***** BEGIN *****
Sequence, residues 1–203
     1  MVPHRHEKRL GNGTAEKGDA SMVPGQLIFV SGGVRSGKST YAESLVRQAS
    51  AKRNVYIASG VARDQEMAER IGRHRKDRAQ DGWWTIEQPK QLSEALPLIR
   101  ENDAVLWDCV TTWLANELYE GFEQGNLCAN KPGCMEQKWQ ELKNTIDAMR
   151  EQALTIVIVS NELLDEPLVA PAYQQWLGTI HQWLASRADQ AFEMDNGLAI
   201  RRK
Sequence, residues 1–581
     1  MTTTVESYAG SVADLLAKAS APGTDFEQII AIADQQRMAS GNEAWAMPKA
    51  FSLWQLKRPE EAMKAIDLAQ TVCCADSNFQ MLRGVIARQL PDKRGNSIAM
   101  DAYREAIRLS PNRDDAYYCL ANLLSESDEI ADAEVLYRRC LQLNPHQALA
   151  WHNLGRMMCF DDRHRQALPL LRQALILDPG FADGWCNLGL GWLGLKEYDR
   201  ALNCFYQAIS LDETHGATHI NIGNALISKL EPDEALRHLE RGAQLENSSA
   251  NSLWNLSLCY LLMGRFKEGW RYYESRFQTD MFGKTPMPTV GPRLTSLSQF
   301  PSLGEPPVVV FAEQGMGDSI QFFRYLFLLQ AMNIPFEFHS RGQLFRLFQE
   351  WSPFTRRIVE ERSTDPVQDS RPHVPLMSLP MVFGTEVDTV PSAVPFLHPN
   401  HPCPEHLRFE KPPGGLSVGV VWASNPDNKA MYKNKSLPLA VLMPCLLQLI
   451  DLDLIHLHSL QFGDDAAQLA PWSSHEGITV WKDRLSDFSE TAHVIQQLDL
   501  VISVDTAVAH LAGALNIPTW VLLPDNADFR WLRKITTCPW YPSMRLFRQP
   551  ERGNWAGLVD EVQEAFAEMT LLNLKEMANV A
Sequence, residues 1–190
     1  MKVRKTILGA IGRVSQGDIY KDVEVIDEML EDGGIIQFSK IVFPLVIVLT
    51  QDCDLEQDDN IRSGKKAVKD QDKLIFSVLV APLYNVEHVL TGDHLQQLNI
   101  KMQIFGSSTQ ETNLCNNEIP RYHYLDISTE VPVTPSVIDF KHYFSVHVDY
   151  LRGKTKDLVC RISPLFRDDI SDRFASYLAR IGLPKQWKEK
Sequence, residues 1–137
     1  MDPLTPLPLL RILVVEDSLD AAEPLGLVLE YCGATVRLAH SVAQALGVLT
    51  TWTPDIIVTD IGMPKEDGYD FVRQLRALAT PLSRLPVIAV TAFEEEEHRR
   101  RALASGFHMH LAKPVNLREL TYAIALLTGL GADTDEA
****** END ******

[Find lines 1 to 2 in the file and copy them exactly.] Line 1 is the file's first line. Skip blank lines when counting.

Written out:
Sequence, residues 1–203
     1  MVPHRHEKRL GNGTAEKGDA SMVPGQLIFV SGGVRSGKST YAESLVRQAS